Have you ever said or done something thoughtless that ended up hurting somebody you care deeply about? If so, join the club! Whether it was a massive error or a minor blunder, we’re human and are known to make mistakes. But after the deed is done, then what? We can take action only in the present, and as much as we might want to undo what we did, we can’t.
Apologizing can sometimes help make things better for both of you. While it may be satisfying for the person you have wronged to receive your apology, it may be even more satisfying for you to offer it.
In an apology situation, there are two perspectives worth considering. The first is the perspective of the person who has been wronged. The second perspective is that of the person who has committed the wrong.
Millie is known to have a generous nature. Still, her daughter Margaret was speechless when her mom told her that she had given away her late father’s watch. Margaret had always been fond of her dad’s watch, and had assumed it would be hers someday. Even more insulting was that Millie hadn’t given it to someone who would cherish it; it went to a young client at a charity where Millie volunteers. The client disappeared; the watch is gone forever.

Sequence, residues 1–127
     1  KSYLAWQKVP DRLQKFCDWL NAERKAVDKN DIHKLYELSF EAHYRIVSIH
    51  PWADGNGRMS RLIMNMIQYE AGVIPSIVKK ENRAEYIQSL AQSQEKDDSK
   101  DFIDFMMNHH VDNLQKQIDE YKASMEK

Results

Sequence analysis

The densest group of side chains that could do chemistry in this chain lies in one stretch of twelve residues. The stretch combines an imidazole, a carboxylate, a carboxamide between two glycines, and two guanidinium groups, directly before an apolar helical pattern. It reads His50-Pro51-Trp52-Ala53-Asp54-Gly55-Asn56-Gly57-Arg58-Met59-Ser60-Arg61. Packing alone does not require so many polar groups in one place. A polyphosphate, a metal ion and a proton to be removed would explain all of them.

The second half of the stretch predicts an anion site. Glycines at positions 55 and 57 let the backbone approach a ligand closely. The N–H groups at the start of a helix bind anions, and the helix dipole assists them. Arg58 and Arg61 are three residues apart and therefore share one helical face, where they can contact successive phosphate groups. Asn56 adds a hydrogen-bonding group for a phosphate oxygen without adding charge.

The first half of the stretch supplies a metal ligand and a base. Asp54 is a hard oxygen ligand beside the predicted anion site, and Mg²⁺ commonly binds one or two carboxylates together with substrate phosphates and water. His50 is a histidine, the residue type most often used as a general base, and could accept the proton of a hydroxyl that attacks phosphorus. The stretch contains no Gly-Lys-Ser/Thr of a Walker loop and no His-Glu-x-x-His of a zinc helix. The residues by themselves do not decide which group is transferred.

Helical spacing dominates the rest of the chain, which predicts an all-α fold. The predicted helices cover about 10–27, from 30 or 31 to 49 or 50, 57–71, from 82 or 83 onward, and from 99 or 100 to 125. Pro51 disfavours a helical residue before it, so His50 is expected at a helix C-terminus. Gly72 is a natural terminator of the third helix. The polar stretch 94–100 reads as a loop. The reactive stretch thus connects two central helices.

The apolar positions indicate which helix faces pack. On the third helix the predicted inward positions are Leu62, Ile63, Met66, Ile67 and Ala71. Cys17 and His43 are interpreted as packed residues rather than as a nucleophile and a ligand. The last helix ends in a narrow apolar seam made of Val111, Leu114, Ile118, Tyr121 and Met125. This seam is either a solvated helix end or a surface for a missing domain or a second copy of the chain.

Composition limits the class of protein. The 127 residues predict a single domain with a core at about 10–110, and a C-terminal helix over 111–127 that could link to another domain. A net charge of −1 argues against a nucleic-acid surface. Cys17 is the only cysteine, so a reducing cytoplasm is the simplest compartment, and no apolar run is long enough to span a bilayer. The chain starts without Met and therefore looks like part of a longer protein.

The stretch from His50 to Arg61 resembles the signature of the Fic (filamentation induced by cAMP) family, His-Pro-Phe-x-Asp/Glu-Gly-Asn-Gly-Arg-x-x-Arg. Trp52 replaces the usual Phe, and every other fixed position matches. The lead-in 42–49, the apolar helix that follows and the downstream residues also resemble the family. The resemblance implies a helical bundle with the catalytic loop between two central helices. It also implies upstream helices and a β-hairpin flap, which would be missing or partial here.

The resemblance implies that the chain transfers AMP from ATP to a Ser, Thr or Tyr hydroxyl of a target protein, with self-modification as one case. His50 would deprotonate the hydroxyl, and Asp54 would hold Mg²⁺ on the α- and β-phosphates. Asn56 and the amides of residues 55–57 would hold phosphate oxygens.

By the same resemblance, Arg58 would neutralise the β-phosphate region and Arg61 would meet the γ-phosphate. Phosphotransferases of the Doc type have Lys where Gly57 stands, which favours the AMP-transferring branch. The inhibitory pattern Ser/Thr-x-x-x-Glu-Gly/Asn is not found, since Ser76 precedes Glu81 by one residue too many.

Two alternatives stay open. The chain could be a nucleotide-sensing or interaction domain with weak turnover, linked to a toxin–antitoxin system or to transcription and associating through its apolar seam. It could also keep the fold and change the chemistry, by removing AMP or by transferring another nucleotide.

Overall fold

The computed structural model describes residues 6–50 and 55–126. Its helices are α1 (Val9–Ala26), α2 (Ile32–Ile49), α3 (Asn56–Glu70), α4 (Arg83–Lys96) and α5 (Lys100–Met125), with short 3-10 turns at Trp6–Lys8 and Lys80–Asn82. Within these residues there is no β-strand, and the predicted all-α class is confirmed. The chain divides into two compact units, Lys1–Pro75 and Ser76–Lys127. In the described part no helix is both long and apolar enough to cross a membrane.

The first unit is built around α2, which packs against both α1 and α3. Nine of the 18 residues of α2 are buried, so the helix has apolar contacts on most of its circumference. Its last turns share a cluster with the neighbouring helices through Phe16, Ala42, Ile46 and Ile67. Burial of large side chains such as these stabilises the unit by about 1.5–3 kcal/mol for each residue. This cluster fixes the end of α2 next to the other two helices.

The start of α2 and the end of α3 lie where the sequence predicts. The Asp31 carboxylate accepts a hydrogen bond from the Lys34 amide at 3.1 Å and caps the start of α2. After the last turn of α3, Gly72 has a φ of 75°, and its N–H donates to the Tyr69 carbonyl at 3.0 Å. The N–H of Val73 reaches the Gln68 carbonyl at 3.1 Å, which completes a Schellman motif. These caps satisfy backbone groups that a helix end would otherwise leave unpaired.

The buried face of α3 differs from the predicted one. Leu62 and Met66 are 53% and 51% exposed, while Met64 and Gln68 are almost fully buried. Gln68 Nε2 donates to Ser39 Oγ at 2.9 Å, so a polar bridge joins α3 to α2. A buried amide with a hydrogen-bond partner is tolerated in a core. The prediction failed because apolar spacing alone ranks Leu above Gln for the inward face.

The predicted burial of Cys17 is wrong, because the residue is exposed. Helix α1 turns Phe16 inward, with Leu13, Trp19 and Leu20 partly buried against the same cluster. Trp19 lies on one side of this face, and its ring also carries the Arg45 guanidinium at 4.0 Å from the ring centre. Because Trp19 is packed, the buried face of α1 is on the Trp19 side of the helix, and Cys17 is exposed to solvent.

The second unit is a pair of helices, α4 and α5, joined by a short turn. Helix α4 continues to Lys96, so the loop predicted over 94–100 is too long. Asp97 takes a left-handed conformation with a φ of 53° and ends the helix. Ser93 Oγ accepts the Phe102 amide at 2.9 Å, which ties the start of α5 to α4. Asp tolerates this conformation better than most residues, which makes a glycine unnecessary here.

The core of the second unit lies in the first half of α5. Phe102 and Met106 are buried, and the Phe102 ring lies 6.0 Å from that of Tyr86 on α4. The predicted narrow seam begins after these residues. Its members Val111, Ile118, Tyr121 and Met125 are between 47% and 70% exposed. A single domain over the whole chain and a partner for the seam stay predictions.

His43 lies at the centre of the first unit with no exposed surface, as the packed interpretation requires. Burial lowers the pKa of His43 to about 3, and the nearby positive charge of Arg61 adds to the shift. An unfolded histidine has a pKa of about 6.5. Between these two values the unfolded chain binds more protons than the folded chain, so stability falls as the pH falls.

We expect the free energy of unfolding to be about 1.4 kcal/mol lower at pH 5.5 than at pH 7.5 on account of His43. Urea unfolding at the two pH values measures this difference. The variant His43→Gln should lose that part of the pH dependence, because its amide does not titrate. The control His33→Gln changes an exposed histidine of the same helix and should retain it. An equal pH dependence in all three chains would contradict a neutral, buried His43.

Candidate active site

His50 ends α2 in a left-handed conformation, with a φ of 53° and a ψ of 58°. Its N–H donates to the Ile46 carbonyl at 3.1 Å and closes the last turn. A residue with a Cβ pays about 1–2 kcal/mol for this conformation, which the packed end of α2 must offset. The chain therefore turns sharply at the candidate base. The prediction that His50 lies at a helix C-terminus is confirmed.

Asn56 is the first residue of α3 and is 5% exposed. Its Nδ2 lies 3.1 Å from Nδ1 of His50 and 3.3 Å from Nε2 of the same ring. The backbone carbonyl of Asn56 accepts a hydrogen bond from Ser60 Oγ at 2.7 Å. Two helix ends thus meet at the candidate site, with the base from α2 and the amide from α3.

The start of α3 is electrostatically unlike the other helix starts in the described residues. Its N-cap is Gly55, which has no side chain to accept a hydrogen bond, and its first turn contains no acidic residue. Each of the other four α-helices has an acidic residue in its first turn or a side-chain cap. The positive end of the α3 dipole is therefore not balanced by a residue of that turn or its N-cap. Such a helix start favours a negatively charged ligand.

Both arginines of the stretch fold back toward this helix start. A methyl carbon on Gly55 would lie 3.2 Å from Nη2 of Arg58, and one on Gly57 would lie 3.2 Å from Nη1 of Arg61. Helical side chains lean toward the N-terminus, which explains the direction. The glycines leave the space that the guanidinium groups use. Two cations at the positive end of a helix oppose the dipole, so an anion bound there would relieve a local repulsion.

Margaret chose to let some time pass before she spoke with her mom about how hurt she feels at the loss of the watch. She wonders if her mother was trying to send her some kind of deeper message, such as that she’s “moving on” from grieving her late husband. Who knows?
When Margaret finally built up the courage to discuss the watch with her mother, she was amazed by what she heard.
“I didn’t know you’d be upset. That young man could use it, and I couldn’t. In fact, I thought you’d appreciate that I’m cleaning out some of my clutter!”
When Millie realized that this action had hurt Margaret and led her to believe that she no longer valued her father’s belongings, she chose to apologize.
Millie’s remorse was heartfelt. “I had no idea that you wanted the watch. If I’d known, I would never have given it away. I am so sorry that I didn’t think to discuss it with you.”
Through her apology, Millie wanted Margaret to understand that she had not meant to hurt her. Millie viewed the watch as an insignificant trinket, and it simply hadn’t occurred to her that Margaret would see it in another way.
Millie and Margaret then had a productive discussion. For the first time, they discussed what, to each of them, makes an object valuable and worth keeping.
The apology and the ensuing discussion helped both mother and daughter, as it ultimately led to a deeper understanding and better relationship between Millie and Margaret.
In this situation, Millie’s apology was an effective relationship-builder. Unfortunately, every apology is not so satisfying. Next column, I’ll take a look at situations where apologies don’t prove to be so effective.
Have you had satisfying experiences with giving or receiving apologies?